Peng Yue (d.196 BC)

Peng Yue (d.196 BC) was a Chinese warlord who took part in the overthrow of the Qin Dynasty and the Chu-Han Contention, where he sided with Liu Bang and was rewarded by being made King of Liang (Wade-Giles: P'eng Yüeh).

Peng Yue first appears early in the revolts against the Qin, when he was forced to take command of the revolt in his homeland. In the spring of 207 he is mentioned as having supported Liu Bang in an unsuccessful attack on Chang-yi, early in the campaign that saw Liu Bang invade the Qin heartland and receive the surrender of the last member of that dynasty.

Map showing the Eighteen Kingdoms, 206-202 BC
Map showing the
Eighteen Kingdoms,
206-202 BC

He really came to prominence during the civil wars that followed the fall of the Qin Dynasty, generally known as the Chu-Han Contention (the main conflict eventually being between Xiang Yu of Chu and Liu Bang founder of the Han Dynasty). In fact Liu Bang was only the most successful of a number of rebels against Xiang Yu. In the summer of 206 BC Peng Yue, who then commanded an independent army of 10,000 men, was recruited by Tian Rong, king of Qi.  Tian Rong ordered Peng Yue to cause a revolt in Liang. Peng Yue defeated and killed Tian An, king of Jibei (one of the three kingdoms that Xiang Yu had created in the territory of the Warring States period kingdom of Qi. This victory allowed Tian Rong to unify the three kingdoms, creating a more powerful Qi. Xiang Yu responded by sending an army under the Lord of Xiao, but this was defeated.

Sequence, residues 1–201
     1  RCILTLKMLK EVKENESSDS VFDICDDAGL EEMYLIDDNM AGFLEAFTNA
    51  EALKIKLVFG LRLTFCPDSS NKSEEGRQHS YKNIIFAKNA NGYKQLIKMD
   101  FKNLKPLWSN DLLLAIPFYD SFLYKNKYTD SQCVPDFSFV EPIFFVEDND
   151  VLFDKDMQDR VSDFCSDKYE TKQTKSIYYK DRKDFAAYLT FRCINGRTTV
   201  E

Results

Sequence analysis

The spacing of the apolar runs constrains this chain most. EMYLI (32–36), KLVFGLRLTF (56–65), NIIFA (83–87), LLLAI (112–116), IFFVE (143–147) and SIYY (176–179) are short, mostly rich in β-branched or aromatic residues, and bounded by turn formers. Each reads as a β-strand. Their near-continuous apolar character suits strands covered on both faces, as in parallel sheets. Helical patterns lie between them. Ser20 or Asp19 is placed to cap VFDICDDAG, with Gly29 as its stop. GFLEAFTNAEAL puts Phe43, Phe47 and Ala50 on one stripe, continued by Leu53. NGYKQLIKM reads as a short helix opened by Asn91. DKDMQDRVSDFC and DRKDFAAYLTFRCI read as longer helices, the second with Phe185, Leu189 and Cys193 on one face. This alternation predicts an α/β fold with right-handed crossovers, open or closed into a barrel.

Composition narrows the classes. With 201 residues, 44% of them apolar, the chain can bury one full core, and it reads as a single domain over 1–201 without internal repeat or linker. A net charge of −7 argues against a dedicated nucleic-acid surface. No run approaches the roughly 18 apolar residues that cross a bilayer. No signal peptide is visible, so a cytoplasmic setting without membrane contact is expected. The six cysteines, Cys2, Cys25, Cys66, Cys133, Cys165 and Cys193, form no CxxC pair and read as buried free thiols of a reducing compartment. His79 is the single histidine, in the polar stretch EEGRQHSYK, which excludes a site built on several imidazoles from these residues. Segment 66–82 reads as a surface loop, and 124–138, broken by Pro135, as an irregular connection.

In 205 Liu Bang decided to support Liu Bang, who was in the process of conquering the three kingdoms created in the Qin heartland. He provided 30,000 men for the army that Liu Bang led to defeat at Pengcheng (205 BC).

Over the next few years the war developed a clear pattern. Xiang Yu and Liu Bang confronted each other around Xingyang and Chenggao, close to the Yellow River. Xiang Yu won a series of victories but was never able to crush his rival. One of the reasons for this was the activities of Peng Yue in the east. In 204 BC he defeated one of Xiang Yu’s armies at Hsia-p’ei, forcing him to move east. Liu Bang was able to defeat the troops he left behind (battle of Chenggao). Xiang Yu returned west, ended the siege of Xingyang and nearly trapped Liu Bang at Chenggao, but once again was forced to return east to deal with Peng Yu. Early in 203 BC Xiang Yu’s commanders at Chenggao suffered a heavy defeat at the battle of the Si River (203 BC), a defeat that eventually led to a short-lived peace.

In the aftermath of the battle of the Wei River (204 BC) Tian Heng set himself up as King of Qi. He was defeated in turn at Ying (203 BC) and fled to Peng Yue, who at this point was an ally of Liu Bang, but not subject to him. Peng Yue and Tian Heng then harassed Chu troops in Liang, preventing Xiang Yu from focusing his attentions on Liu Bang (after Liu Bang’s victory Tian Heng fled into exile, was offered an amnesty but committed suicide).

Later in 203 BC Liu Bang and Xiang Yu agreed the treaty of the Hong Canal, in which China was to be split, with Liu getting the west and Xiang the east. Liu Bang almost immediately broke this agreement, and summoned his allies to join a grand army that he hoped would end the war. Peng Yue, who by now had been appointed premier or chancellor of state of Wei, didn’t appear (neither did Han Xin, one of Liu Bang’s most able generals). Liu Bang responded by offering to make Peng Yue king of Liang, with a kingdom based on Wei (Hax Xin’s kingdom of Qi was expanded). Both men turned up and their armies played a part in the final victory at Gaixia (202 BC).

Peng Yue didn’t survive to enjoy his kingdom for long. In 196 BC he was discovered to be plotting a rebellion, and he and a large number of his relatives were killed (this may have been Peng Yue’s second revolt, after a first revolt that saw him moved from Liang to Shu).

How to cite this article: Rickard, J (30 January 2012), Peng Yue (d.196 BC) , http://www.historyofwar.org/articles/people_peng_yue.html

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